Hadi Prasetya looked at a 29-inch touch screen LCD monitor under minimal lighting in a Dutch colonial era building. The 10-year-old was not watching a soccer match. He was reading about the history of the Linggarjati Agreement.
The student said that he was interested by the small boxes to the left and right of the monitor that showed cartoons or told new stories at the click of his finger.
More than 50 similar monitors exist at the museum on the grounds of Fort Vredeburg, one of the city's most famous tourist destinations, built in 1756 to protect Sultan Hamengkubuwono I, whose palace is just to the south.
Museum official Suryanta Pamuji said that the monitors aimed to entice visitors to read and learn about the history of Indonesia, where a culture of watching remains stronger than that of reading. Monitors also provided information to help guests learn more about the 55 historical dioramas in the museum.
The simulacra represent everything from Prince Diponegoro's War (1825-1830) to the moment when Soeharto formulated P4 training, to internalize the national political philosophy of Pancasila, in 1974.
'We have been equipping our museum with touch screen monitors from 2011 to 2013. This year, we will add new monitors in Building G. All monitors were financed by the government through the state budget,' he said.
The displays present information in interesting ways, featuring colorful text and elaborate fonts ' not to mention the cartoons.
On the screen seen by Hadi, for example, two paragraphs, under the title 'Info Diorama', told about the medical aid given by the Egyptian government to a newly independent Indonesia after the signing of the Linggarjati agreement between the Indonesian and Dutch governments on March 25, 1947.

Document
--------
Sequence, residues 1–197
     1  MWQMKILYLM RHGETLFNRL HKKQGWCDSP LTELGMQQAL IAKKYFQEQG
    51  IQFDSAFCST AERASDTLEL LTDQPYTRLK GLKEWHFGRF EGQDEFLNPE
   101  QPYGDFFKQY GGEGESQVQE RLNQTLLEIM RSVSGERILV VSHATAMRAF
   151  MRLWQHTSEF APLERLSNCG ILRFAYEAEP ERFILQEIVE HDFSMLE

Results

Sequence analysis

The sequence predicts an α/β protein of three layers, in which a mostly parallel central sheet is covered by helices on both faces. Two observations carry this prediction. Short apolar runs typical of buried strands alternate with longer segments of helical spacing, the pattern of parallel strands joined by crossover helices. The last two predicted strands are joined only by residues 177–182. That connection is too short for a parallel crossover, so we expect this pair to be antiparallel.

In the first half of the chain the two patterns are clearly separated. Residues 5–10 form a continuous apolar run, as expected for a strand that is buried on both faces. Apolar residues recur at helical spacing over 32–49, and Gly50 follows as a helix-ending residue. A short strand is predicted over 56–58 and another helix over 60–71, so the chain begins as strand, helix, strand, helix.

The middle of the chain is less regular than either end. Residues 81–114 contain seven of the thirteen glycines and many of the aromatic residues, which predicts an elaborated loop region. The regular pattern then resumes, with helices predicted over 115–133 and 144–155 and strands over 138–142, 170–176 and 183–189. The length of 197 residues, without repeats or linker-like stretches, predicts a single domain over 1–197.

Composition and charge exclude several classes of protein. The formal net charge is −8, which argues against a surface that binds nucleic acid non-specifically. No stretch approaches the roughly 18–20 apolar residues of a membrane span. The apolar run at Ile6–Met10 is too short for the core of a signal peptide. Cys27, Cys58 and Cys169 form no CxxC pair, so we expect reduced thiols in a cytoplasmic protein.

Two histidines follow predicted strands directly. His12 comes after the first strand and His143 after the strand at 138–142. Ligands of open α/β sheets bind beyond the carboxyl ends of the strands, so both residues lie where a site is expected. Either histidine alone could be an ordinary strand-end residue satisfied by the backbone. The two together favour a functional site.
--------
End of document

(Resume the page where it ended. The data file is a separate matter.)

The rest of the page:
On the left, three smaller screens told stories about diplomat Haji Agus Salim, the bilateral partnership between Indonesia and Egypt and Egyptian aid to Indonesia.
On the right, two small screens offered stories about the recognition of Indonesian independence in the Middle East and Europe.
At the top of the touch screens, buttons labeled with the flags of Indonesia and the US offered text in different languages.
'Many foreign visitors visit Fort Vredeburg. Therefore, we provide English text to accommodate them,' Suryanta said.
Museum management also provides an interactive game area and two mini-movie theaters, offering historical fare such as the Independence War films Janur Kuning (Young Yellow Coconut Leaves), Serangan Fajar (Dawn Raid) and Bandung Lautan Api (Bandung, Sea of Fire); the contemporary biopic Sang Pencerah (The Enlightener), about the founder of Muhammadiyah, the nation's second largest Muslim social organization; as well as military documentaries.
'[Visitors] can also surf the Internet, because we have a free hotspot area,' said Suryanta, who has worked at the Vredeburg Fort since 1993.
When firstly entering the museum, visitors will hear patriotic songs such as 'Indonesia Raya' (Great Indonesia), 'Garuda Pancasila', 'Satu Nusa Satu Bangsa' (One Island, One Nation), 'Bagimu Negeri' (For You, My Country) and 'Bangun Pemuda Pemudi' (Rise, Youth).
Some visitors looked excited, while others, mostly lovebirds, preferred to sit on stone benches under shade trees, taking 'selfie' pictures near antique cannons and hero statues.
In the buildings, visitors also took photos near dioramas, photos, paintings and statues of National Heroes such as Independence activist Ki Hadjar Dewantara and women's rights pioneer Raden Ajeng Kartini, as well as authentic relics, such as the bed, table and chairs used by Gen. Soedirman in Yogyakarta in 1949.
Suryanta said that the number of visitors to the museum, which is open from Tuesday to Sunday, has been increasing, topping 250,000 as of October 2014.
'Our hope is simple. We just want that sense of nationalism owned by the Indonesian people, especially the young generation, to become stronger after they visit this museum,' he said.
' Images by A. Kurniawan Ulung